Senior vocal performance major Julia Scannell spent a semester looking forward to her junior recital scheduled to happen last spring. But when the COVID-19 pandemic hit in March 2020, she was forced to postpone it until the fall. When she finally did get to perform in November, she got to do so in person — but looking out into an audience of 15 or fewer and a video camera live streaming the event.
Now she’s preparing for her senior recital April 22, but she’ll never have the chance to see her family give a standing ovation.
A year after IU shut down in-person classes due to COVID-19, the situation remains mostly the same for Jacobs School of Music students. The school moved all Jacobs student recitals, which are part of the school’s graduation requirements, to a livestream format with a limited audience, according to the school’s website. Only Jacobs students and faculty can attend in person.
The recitals are some of the biggest events in Jacobs’ degree program, Scannell said. Students work on their recital repertoire for around six months, work one-on-one with a professor for the full semester before the recital and practice outside of class. All this preparation leads to one night — the recital.
“I feel very thankful that I was still allowed to perform, but at the same time, I think it’s been an ongoing reaction,” Scannell said. “I think I speak for a lot of people when I say I felt mixed emotions.”
The lack of a live audience can be difficult to work through, Scannell said. She said she tries to remember the fact that she still has an audience, albeit not in the room with her.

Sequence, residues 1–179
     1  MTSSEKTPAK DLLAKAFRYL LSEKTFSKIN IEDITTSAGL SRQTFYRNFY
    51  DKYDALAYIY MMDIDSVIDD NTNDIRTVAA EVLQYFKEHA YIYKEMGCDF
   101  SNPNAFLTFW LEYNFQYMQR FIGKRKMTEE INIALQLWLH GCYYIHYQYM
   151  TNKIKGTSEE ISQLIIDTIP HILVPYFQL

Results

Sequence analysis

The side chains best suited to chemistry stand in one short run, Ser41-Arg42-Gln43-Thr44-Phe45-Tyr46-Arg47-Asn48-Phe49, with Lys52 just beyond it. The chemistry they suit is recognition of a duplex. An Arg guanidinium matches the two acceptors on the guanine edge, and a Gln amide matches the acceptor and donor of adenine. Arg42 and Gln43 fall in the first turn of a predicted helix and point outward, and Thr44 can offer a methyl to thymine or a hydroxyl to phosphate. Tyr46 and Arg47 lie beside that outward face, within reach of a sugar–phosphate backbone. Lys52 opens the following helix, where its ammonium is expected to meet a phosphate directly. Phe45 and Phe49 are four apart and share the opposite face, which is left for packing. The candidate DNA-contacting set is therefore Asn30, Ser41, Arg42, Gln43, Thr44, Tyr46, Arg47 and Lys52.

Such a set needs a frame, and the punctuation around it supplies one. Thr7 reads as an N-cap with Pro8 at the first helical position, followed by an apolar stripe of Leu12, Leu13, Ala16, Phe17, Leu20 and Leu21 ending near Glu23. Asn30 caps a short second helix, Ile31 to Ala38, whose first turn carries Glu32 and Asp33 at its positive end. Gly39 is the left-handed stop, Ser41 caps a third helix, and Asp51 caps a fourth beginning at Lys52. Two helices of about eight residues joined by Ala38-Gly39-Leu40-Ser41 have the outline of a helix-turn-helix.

Graduate student Hannah Scarborough, a cellist, agrees. Her performer diploma recital is scheduled for April 18. She’s been practicing with her roommates, also Jacobs students, but said a part of the performance is lost when playing to a camera.
“It really does make a difference to have an audience, to have people present,” Scarborough said. “I really, deeply feel that the energy in an audience gives a lot to the performance itself and really is a part of the performance, part of that physical moment and experience.”
Violinist Michael Klinberg will perform his senior recital on April 18. One frustrating disadvantage of online performances is that the video feed can lag and cut out. Klinberg said he has faced this in live streams in the past, but he doesn’t let it bother him.
“The nice thing about being the performer is that that kind of stuff, you really have to let it go,” Klinberg said. “You don’t have control over it, and you don’t know what’s going to happen. So if the livestream does start lagging, I’ll have no idea, because I’m just trying to do my best up there.”
The live streamed performance is only one part of the challenge. Throughout the semester, all three students have been working with and practicing alongside professors over Zoom. Scarborough said studying music remotely has been difficult.
“Nothing comes even remotely close to replacing in-person music-making,” Scarborough said. “Being able to hear something in person — there’s just so many things you can’t understand sonically over Zoom that you can hear in person. So it’s definitely a bit of a challenge, but I’m totally grateful that we’ve been able to make it work.”
She said she’s looking forward to returning audiences in the future, however far away it may be.
“I think everyone in the music world is just hedging our bets and crossing our fingers that we’ll be able to return to what we consider normal live performances sooner rather than later,” Scarborough said. “I think we’re just doing our best to make that happen in whatever capacity we can.”
Scannell agrees. She said one of her favorite parts about performing is making connections with people in the audience as she’s singing, and she’s ready to see that come back.
“I think it’s definitely hard because when you’re performing, you love having that recognition at the end,” Scannell said. “And I think just as humans and just as musicians, we value human connection so much.”